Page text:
Analysis of selected work of Alphonse Mucha
My analysis of four of Mucha’s works revealed many characteristics typical to the artist’s techniques, compositions, and subject matter. His combinations of beautiful female figures, rich ornamentation and extravagant lettering radiate luxury and pleasure. Mucha used ‘formless’ materials such as hair to create whiplash curves and decorative forms which, paired with his intricate pattern work, create highly detailed pieces. Linework is intrinsic to Mucha’s works. All of his forms incorporate a thick black outline to their stylised aesthetic. Mucha also experiments with the overlapping of multiple elements, such as the common use of the large circular frame motif and the female figure.
THERE ARE DIFFERENT KINDS OF PEONIES idk which one so i just drew the one that most people use
I’m sorry it’s no vrery detailed lies on my side
someone asked about helmets and also hats SO YEAH HEHE H USE REFERENCS IF UR EVER UNSURE OF HOW SOMEHING LOOKS LIKE HELMETS AND CAPS GIVE ME ALOT OF PAIN TOO CRIES ON MY Dides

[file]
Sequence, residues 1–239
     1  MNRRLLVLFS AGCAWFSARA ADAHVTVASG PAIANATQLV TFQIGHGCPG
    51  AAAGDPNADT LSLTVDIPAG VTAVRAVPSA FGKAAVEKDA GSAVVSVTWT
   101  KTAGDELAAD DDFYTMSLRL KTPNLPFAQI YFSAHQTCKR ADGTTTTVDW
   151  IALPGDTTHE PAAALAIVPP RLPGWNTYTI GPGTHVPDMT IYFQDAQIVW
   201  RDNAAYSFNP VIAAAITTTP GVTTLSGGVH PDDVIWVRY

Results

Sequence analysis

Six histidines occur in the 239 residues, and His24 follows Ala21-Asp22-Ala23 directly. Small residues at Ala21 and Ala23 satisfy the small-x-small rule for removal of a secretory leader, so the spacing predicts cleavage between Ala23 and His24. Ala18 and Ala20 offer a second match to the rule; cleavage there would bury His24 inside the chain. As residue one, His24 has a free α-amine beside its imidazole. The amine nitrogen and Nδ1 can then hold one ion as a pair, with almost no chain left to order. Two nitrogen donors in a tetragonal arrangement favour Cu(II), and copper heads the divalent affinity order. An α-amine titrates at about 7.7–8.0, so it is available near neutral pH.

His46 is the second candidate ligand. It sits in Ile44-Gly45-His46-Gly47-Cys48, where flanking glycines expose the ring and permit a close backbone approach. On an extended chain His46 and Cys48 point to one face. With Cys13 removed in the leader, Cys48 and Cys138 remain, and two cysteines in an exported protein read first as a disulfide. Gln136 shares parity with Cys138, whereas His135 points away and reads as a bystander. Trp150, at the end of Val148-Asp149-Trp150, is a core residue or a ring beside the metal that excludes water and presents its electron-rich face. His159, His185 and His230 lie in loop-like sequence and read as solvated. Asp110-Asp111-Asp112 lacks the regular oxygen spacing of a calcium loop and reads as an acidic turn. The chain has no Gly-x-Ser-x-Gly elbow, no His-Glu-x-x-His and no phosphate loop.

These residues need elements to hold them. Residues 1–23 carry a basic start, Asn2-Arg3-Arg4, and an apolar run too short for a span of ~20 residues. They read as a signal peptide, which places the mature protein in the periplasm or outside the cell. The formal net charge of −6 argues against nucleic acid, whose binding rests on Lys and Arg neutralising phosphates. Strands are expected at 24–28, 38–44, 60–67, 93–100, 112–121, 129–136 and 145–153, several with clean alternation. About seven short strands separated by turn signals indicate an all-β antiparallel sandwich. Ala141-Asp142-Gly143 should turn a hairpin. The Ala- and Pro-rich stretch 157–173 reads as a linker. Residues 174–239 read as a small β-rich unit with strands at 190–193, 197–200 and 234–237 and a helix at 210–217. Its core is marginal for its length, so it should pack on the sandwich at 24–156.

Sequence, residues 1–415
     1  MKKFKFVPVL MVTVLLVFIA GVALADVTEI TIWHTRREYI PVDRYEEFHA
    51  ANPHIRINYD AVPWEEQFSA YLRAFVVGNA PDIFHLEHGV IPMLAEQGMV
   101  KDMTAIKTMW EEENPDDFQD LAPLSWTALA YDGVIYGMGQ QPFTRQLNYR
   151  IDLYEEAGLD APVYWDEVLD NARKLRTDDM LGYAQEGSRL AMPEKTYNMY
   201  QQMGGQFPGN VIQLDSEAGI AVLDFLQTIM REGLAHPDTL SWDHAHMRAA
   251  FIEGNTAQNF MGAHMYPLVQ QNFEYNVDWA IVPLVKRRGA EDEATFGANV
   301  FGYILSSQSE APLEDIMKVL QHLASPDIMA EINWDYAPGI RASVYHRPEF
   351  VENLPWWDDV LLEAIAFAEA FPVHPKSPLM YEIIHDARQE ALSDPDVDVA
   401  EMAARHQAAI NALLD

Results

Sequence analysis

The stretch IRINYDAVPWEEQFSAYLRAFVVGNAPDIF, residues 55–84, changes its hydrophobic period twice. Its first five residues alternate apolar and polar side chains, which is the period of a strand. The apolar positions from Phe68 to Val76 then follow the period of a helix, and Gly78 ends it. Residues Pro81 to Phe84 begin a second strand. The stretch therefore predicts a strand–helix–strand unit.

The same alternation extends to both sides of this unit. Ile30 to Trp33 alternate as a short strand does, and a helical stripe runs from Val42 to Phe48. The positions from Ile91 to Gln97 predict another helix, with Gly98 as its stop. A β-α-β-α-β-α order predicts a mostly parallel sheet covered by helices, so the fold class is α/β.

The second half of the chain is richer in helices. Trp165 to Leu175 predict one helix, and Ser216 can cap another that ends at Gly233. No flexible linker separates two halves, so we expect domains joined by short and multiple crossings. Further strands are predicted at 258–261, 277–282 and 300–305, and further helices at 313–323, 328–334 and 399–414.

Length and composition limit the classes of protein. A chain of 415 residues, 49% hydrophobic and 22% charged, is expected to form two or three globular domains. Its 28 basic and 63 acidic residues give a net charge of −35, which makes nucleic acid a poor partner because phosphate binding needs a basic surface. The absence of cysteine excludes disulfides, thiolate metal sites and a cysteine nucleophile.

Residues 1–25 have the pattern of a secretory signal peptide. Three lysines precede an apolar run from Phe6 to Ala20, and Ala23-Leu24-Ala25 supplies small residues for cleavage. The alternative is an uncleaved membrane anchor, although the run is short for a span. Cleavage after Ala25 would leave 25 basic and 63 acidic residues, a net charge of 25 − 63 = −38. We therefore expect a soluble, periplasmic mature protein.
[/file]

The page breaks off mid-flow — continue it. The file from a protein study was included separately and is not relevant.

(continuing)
I seriously cannot believe that I haven’t come across this tutorial before! This tutorial by ElenaLeetah is on How to Make Lightweight Wings, and the end result is absolutely incredible!
Check out the original on Deviantart: http://elenaleetah.deviantart.com/art/Tutorial-How-to-make-light-weight-wings-Kamael-348626950
This is showing how you grip a sword
I made a walkthrough of my process for drawing faceted stones! Judging by the timestamps from the screenshots I took, drawing this one stone took an hour and three minutes, although I know I went and checked tumblr a couple times while I was working, so let’s just call it an hour.
Now MISCELLANEOUS NOTES
- This walkthrough assumes you already know how to use layer masks, the clone stamp, and the lasso tool. There’s also one part where I didn’t label it, but I inverted the selection so I could keep my lines consistent. It’s in the third image.
- Unfortunately I can’t really help with colour choice and the actual colouring of the pinwheel shape that makes up the back facets, but you can kind of see that I tended to colour with lines that cut across the facets and and kept the outer parts of the facets darker. It would probably be best to find a reference to work from!
- This particular cut of stone is called the ‘brilliant’ cut.
- There’s actually a lot of internal reflection business that goes on in a stone, but I elected to ingore all of it since at a distance you can’t really tell anyway.
now GO FORTH AND DAZZLE YOUR FRIENDS WITH YOUR SPARKLE